Reducing Medical Errors Proving to be a Difficult Task
Very few professionals are as highly regarded as those who work in the medical field. Naturally, when we’re sick, we trust and hope that our doctors know what is in our best interests and that they guard strenuously against any errors that would harm us.
The medical field has attempted to reduce medical errors that harm patients. But medical errors are a continuing source of patient harm and have been for many years. An Institute of Medicine study performed over a decade ago found that the number of patients killed by medical error may nearly reach in the six figures annually. Despite recent calls for reform, patients continue to be harmed and killed by medical shortcuts, inadequate training and communication lapses.
Some simple solutions to reduce medical errors continue to not be implemented. For example, the airline industry uses checklists to prevent against human error, a method that has been proven effective in hospitals. Yet the medical community has not fully embraced such checklists and often puts too much faith in the idea that doctors never make mistakes.
Other examples of medical error are more blatant. For example, the Centers for Disease Control and Prevention reports that 125,000 patients have been notified since 1999 of potential exposure to Hepatitis and HIV because medical providers used one needle on multiple patients.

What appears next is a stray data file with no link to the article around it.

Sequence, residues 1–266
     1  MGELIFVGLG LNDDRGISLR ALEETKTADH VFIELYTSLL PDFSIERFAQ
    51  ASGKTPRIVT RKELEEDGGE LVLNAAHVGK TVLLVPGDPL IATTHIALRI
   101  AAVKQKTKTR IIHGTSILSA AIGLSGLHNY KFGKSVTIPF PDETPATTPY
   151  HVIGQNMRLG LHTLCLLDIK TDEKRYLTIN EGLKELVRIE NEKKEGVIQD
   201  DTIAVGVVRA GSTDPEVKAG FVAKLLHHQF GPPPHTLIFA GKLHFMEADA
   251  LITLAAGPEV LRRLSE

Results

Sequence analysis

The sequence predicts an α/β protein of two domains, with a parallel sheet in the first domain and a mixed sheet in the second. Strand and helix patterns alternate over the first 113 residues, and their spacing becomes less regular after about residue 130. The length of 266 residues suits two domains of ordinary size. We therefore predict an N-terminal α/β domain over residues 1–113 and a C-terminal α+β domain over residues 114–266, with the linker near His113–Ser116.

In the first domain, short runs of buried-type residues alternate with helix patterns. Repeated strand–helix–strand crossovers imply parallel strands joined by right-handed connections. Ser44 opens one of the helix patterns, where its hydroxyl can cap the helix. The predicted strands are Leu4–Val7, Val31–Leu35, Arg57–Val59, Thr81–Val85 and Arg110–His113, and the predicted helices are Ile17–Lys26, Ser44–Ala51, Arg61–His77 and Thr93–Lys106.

This prompted the CDC to begin its “One & Only” public health campaign that provides posters and instructional material to medical providers to remind them to use a needle for one patient only. Unfortunately, the practice of using one needle for multiple patients continues. In July, 2012, the Colorado Department of Public Health and Environment noted that thousands of Colorado dental patients are now at risk of blood-borne diseases because at one dental office, some needles were used multiple times – in some cases over a period of days.
Other Possible Systemic Safety Measures
While certainly some medical providers simply provide grossly inadequate care, systemic, preventable medical errors by competent doctors could be reduced by taking certain practicable steps. Doctors can be hesitant to reveal medical mistakes for fear of lawsuits. Ensuring that medical error reporting is open and transparent can greatly improve patient care and decrease the cost of healthcare. Some steps may include:
- Researching and implementing error prevention techniques
- Providing transparency by setting standards for identifying and collecting data on medical errors
- Enforcing existing and future medical safety standards through legal and regulatory reform
An Attorney Can Help
It can be difficult for a patient harmed by medical error to know what steps to take. If you have been harmed by a preventable medical mistake, contact an experienced medical malpractice attorney to discuss your legal options moving forward.